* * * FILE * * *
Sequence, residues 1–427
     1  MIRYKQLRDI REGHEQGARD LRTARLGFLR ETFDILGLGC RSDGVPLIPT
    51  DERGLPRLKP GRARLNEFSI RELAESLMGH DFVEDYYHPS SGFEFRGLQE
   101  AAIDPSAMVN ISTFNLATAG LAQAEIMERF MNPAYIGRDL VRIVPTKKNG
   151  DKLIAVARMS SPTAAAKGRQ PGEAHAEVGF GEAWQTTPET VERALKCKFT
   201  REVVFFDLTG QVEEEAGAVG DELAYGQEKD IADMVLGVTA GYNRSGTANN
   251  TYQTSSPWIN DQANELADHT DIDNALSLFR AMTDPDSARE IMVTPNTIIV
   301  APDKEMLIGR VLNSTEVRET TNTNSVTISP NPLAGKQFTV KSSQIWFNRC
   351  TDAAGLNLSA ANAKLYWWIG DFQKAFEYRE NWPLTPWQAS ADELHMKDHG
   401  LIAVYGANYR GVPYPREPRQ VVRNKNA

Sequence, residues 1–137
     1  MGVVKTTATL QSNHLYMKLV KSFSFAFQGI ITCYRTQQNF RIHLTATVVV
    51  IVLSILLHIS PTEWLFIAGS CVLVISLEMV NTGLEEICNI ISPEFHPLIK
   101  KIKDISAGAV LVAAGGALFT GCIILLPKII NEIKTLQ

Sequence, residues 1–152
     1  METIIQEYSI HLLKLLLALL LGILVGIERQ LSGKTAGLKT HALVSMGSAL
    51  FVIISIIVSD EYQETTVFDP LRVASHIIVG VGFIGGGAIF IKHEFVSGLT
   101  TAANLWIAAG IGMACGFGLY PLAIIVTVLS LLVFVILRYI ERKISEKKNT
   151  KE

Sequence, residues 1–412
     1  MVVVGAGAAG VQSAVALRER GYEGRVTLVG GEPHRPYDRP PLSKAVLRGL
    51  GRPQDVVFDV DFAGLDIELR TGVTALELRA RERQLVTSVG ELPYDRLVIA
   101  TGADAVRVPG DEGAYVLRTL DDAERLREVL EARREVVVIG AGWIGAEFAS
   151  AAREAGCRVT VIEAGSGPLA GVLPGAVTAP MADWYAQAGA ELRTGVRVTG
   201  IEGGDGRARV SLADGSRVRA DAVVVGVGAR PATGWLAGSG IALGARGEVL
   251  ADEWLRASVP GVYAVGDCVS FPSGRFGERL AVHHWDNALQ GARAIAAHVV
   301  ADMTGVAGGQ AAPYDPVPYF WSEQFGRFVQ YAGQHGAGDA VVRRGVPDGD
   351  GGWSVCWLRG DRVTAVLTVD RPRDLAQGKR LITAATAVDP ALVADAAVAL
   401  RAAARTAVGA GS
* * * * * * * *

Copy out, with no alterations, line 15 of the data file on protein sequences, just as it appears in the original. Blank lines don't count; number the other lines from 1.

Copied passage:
Sequence, residues 1–152